Past studies have shown that exposure to stress during pregnancy can increase a child’s risk for premature birth, low birth weight, and development problems. Now, a new animal-based study suggests that maternal stress during pregnancy, even just one high-stress episode, can also increase an offspring’s risk for developing asthma.
American Journal of Physiology, July 2014
Compared with previous generations, today’s young adults (ages 18-24) are more likely to be high school graduates, attend college, and less likely to smoke cigarettes.
National Institutes of Health, July 2014
Newly published research suggests that a “Southern-style diet” is linked with higher death rates among kidney disease patients. Researchers found that individuals with kidney disease who regularly consumed a Southern diet had a 50% higher risk for death compared to those who did not regularly consume a Southern-style diet. Lead author Dr. Orlando Gutiérrez writes, “This is the first study to identify a regionally specific diet pattern that is highly associated with adverse outcomes among persons with kidney disease. It’s well known that the Southern region has poor health outcomes in a number of different areas including stroke, heart disease and sepsis, and that the style of diet plays a role.”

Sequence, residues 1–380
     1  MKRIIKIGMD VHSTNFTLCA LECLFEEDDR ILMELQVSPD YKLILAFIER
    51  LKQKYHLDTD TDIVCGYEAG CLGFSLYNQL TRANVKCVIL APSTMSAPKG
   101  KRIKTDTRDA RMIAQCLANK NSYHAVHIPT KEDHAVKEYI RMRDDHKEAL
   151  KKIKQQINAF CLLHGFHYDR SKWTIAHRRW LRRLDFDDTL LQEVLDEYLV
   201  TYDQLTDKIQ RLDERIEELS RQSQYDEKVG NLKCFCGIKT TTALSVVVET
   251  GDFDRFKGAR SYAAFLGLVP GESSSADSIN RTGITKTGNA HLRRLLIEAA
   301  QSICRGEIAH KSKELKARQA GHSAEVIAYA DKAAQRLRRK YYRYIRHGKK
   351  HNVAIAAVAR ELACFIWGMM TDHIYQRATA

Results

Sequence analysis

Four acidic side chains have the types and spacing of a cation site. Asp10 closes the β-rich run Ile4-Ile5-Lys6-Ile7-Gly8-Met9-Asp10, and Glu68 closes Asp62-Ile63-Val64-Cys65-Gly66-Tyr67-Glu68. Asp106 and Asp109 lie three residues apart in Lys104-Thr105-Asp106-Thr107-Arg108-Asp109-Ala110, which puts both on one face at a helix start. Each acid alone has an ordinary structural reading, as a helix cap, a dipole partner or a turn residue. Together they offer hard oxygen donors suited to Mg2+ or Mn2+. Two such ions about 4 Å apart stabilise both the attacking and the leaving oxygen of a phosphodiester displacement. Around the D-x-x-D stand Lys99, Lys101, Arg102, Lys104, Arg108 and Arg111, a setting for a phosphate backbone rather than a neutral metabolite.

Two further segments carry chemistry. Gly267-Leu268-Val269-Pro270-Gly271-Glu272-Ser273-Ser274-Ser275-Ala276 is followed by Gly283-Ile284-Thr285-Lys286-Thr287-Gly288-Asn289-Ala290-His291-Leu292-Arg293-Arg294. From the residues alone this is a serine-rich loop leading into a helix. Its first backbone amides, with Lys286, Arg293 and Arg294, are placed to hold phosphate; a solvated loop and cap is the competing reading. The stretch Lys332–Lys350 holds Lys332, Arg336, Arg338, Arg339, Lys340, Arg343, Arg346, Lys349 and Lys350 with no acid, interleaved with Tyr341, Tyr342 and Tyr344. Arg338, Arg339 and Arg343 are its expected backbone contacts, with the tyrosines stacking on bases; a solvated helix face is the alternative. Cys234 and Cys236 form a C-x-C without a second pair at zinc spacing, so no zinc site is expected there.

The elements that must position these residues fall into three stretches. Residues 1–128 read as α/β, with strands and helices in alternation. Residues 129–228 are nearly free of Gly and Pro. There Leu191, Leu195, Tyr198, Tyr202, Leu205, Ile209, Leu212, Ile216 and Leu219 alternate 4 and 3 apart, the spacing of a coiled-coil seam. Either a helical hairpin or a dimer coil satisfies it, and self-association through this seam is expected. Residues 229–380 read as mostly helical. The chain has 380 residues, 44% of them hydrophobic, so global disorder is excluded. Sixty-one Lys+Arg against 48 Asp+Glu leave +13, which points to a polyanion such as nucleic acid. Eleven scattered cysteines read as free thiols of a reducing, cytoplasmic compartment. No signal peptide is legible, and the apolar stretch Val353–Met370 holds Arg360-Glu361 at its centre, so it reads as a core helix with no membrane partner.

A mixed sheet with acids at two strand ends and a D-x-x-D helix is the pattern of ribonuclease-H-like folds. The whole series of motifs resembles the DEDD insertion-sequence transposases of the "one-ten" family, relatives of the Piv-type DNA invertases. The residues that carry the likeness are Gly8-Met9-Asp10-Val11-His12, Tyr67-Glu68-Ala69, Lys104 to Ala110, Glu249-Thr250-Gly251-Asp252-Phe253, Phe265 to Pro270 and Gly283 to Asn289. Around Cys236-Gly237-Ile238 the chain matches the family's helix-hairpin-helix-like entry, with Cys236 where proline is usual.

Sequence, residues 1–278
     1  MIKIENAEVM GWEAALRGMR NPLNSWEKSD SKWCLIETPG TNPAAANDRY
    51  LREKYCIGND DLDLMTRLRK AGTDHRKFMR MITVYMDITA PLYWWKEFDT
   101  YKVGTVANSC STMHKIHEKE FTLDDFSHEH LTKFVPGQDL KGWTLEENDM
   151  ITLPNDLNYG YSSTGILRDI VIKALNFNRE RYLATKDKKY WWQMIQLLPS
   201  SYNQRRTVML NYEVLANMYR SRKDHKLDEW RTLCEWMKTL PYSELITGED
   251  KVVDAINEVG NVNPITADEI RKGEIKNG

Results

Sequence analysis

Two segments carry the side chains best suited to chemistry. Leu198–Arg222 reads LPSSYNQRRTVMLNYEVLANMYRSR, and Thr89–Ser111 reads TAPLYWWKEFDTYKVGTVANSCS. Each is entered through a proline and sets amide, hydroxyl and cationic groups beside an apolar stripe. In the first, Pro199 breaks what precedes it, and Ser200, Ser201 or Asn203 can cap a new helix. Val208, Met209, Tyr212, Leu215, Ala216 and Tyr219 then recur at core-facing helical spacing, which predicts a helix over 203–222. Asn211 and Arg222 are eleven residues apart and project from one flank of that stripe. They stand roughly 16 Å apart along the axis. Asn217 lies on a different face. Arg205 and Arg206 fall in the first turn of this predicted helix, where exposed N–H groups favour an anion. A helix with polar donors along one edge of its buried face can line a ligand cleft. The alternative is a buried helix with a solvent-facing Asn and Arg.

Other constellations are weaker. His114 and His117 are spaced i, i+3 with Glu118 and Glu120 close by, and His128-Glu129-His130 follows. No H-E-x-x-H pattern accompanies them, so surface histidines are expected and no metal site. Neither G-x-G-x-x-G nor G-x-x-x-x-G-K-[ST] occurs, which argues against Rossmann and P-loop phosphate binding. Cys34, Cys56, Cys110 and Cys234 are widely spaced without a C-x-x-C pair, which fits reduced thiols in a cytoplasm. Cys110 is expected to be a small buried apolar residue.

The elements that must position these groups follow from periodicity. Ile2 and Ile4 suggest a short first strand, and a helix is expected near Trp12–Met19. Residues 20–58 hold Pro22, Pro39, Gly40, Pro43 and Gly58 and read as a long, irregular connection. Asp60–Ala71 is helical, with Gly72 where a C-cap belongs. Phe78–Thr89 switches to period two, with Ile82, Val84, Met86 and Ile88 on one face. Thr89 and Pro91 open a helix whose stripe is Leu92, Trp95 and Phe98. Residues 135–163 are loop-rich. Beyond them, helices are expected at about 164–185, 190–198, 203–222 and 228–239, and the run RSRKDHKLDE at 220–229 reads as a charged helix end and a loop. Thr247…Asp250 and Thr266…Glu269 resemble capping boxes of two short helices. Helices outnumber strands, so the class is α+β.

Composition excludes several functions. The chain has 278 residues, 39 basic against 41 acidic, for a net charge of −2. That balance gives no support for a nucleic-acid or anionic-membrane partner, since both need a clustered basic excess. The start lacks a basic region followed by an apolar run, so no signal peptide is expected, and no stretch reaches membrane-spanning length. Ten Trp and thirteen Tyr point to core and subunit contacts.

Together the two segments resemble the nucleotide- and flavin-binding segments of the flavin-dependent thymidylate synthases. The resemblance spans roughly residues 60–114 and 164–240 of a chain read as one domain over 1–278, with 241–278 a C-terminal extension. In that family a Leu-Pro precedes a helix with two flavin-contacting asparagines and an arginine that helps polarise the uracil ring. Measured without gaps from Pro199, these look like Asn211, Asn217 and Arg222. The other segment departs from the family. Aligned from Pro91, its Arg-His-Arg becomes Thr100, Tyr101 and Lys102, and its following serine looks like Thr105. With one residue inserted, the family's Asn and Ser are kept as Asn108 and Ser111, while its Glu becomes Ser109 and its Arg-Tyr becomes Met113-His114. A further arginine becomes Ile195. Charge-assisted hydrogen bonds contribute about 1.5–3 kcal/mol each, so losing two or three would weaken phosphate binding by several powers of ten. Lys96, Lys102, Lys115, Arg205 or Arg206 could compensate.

American Journal of Kidney Diseases, July 2014
An animal study involving rats found that small amounts of exercise protected older rodents from memory loss and exaggerated inflammation in their brains following infection. This is the first study to show that voluntary exercise reduces aging-induced susceptibility to the cognitive impairments that follow a bacterial infection.
The Journal of Neuroscience, August 2011
Do people with back pain have shorter fuses? Using data provided by chronic back pain patients and their spouses, researchers have found that individuals with back pain appear to be quicker to anger and get angry to greater levels the more their pain interferes with their ability to function normally.
Healthy Psychology, August 2014
Swimming in chlorinated pools can wash away the outer film layer of the eye, increasing a swimmer’s risk for infections such as pink eye. Chlorine can also lead to red and irritated eyes, as well as blurry vision. The following tips can be helpful in preventing or easing eye problems associated with swimming in chlorinated pools: wear water-tight goggles, remove contact lenses, use lubricating eye drops, and flush eyes with clean drinking water after swimming. Swimmers should seek medical attention if they suffer from any of the following after leaving the pool: red eyes that are draining fluid, blurry or distorted vision, or severe pain.
Meadowlands Hospital Medical Center, July 2014